The premise for the Off-Broadway play, Breakfast with Mugabe, is newspaper accounts of the Zimbabwe President, depressed and haunted by a ngozi (malevolent spirit) of a fallen comrade, seeking help from a white psychiatrist. Playwright Fraser Grace has utilized these unconfirmed reports to form the basis for the show, an intense drama set just before the Spring 2002 Presidential elections, that seeks to illuminate the political, cultural, and historical struggle of black Zimbabweans with the minority white landowners of the country.
To most Americans Robert Mugabe is viewed as a controlling and ruthless leader who has had an iron-clad grip on his nation for decades. But what of his back story? What are the chronicled events that have shaped his perspective and vision as well as that of his country? Breakfast with Mugabe explores these questions through the head of state’s interaction with the psychiatrist. Invited to the presidential palace to treat the elder leader he must also contend with the demands and pleas of his young wife, a plotting and calculating woman as well as be wary of the inscrutable intelligence officer, always nearby and listening.
The sessions of the two central protagonists, while occasionally too talkative, nonetheless are powerful, impassioned, and sometimes frightening. Their exchanges are more like predator and prey circling one another, warily awaiting for the other to strike. But throughout their give and take the question arises--who is the predator and who is the prey? By the end of the 100 minute, intermissionless production the assured, but politically naïve doctor’s life is in shambles as Mugabe, reenergized and full of swagger reasserts his influence and authority across the land.
Fraser Grace has forged an impressive story that, more then not, successfully presents a sizeable swath of issues that crystallize the major racial, economic, and political conflicts in the African nation. He slowly builds the emotion and forcefulness of the show to a powerful and painful conclusion.
Since many theater-goers may not be familiar with the African words and historical references cited in the production the program includes a glossary, chronological timeline, and a very brief listing of major players from Mugabe’s past.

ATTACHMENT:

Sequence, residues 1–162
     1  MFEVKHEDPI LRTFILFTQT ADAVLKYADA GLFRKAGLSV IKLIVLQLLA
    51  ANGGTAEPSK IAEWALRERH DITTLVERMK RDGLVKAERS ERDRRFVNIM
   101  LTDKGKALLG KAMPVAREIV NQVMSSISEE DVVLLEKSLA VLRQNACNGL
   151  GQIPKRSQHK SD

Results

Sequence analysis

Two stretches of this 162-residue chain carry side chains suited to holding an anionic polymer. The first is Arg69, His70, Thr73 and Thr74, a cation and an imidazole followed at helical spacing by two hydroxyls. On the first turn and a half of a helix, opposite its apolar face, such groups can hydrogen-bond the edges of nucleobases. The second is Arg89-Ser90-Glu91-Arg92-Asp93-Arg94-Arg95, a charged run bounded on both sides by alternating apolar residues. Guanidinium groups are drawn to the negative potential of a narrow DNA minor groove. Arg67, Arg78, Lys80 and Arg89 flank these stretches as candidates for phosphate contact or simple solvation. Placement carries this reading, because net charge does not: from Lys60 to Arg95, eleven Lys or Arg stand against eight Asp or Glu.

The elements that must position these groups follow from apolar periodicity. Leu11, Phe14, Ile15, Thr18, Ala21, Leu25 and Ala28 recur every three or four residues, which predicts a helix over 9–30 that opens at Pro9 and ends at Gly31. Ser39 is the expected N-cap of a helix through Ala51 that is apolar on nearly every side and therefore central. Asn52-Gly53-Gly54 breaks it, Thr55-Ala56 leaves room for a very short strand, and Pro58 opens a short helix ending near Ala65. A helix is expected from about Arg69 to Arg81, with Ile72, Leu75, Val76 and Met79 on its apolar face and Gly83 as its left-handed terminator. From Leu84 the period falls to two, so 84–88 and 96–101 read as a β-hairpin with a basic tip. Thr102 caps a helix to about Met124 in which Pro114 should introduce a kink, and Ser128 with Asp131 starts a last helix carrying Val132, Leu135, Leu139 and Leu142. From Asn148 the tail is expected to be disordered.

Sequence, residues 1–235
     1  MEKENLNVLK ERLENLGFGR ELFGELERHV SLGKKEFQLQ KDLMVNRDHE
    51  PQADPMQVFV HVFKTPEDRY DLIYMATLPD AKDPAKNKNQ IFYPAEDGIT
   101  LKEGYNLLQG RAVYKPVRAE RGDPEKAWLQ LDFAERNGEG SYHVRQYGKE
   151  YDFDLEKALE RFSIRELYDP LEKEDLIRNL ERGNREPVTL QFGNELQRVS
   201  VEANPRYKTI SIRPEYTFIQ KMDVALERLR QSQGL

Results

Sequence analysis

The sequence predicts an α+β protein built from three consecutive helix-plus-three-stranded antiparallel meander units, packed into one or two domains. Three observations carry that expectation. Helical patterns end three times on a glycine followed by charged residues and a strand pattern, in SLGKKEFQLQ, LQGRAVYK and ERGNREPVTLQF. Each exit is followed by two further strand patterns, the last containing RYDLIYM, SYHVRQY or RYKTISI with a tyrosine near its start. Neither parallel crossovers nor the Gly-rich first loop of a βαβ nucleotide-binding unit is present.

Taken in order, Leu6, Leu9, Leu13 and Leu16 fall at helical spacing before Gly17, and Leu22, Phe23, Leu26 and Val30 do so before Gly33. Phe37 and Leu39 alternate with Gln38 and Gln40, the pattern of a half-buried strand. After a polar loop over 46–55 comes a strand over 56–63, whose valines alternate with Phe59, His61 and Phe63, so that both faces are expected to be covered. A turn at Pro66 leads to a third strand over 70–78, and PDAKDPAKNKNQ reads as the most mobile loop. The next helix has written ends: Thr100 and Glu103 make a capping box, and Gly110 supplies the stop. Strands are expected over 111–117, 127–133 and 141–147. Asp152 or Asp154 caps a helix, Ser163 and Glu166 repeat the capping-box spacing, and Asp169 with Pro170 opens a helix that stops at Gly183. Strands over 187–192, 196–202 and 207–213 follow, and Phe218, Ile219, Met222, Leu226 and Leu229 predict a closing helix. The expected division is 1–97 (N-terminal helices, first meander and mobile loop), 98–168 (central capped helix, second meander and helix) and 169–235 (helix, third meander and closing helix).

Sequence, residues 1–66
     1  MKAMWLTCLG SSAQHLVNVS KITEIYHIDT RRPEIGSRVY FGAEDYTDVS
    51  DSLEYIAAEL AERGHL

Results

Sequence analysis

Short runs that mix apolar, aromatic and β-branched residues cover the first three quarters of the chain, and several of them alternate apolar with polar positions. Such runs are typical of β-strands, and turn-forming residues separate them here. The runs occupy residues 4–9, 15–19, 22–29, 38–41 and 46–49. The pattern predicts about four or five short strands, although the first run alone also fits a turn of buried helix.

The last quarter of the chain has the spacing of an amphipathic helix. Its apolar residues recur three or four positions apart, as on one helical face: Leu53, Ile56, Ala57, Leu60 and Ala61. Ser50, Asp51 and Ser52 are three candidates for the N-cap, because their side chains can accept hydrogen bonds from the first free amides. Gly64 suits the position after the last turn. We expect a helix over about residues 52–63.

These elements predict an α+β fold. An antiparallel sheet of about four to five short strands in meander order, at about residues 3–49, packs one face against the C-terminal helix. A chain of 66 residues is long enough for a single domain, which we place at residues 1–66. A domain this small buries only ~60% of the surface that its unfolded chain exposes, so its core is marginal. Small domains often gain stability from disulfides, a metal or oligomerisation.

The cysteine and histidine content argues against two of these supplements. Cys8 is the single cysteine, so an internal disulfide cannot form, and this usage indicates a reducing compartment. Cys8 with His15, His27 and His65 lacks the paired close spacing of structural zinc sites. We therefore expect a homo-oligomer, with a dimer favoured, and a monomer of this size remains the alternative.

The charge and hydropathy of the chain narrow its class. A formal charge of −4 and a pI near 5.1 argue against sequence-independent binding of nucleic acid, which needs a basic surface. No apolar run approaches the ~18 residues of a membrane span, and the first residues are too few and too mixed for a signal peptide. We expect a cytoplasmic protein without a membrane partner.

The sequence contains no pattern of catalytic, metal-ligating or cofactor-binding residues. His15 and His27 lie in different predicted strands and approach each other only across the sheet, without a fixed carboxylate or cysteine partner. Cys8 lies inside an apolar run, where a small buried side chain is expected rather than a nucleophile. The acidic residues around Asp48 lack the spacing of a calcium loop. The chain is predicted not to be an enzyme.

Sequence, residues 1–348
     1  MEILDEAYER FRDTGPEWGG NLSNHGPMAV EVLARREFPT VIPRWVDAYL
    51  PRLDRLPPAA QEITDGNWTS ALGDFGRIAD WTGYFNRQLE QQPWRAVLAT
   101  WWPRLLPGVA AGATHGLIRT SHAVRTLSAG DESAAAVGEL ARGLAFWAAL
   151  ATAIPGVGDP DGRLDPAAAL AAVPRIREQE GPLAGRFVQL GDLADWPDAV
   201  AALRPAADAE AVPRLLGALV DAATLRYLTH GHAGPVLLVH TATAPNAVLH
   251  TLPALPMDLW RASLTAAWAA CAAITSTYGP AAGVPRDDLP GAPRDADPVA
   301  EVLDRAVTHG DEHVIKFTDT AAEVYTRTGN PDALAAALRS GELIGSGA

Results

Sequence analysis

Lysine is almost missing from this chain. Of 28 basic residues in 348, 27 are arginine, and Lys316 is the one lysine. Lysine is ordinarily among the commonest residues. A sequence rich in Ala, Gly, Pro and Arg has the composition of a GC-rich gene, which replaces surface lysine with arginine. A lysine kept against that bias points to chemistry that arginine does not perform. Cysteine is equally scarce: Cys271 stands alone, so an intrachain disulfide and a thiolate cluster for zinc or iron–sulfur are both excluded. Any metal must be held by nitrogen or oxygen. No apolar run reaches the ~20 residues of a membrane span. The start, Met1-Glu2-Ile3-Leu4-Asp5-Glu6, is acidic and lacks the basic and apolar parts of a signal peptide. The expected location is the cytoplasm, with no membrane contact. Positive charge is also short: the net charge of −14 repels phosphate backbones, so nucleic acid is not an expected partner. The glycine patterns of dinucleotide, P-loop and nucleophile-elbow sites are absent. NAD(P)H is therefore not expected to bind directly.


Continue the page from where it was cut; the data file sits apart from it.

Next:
The actors are all outstanding, with the main kudos going to Ezra Barnes as the independently minded, principled psychiatrist, Andrew Peric; and Michael Rogers as the intimidating and stoic Robert Mugabe. They add a realistic edge to their performances that both engage and fascinate. Rosalyn Coleman as Grace, the very young second wife of the Zimbabwe President, initially comes off as a shallow and self-serving afterthought until you realize there is a shrewd cunning to her make-up. Coleman endows the first lady with enough shading and contradictions to bamboozle even the most observant political spectator. Che Ayende, as the solitary sentry, Gabriel, is depicted, at first, as simple window dressing until you eventually realize there is more to his silent disposition then is displayed on stage. Ayende, endows his character with a sympathetic, all-knowing, and menacing presence especially towards the end of the production when you are graphically confronted with the consequences of dallying with the intelligence arm of an authoritarian ruler.
Director David Shookhoff has shaped a taut, well-executed production. On the small stage the emotion and tension generated by the actors and plot can be unnerving. As mentioned previously, the play’s momentum can be weighed down by a sometimes overly wordy script, but Shookhoff still manages to slowly ratchet up the ferment gestating within the show.
Breakfast with Mugabe, a thought-provoking, powerful drama at The Lion Theatre through March 2nd.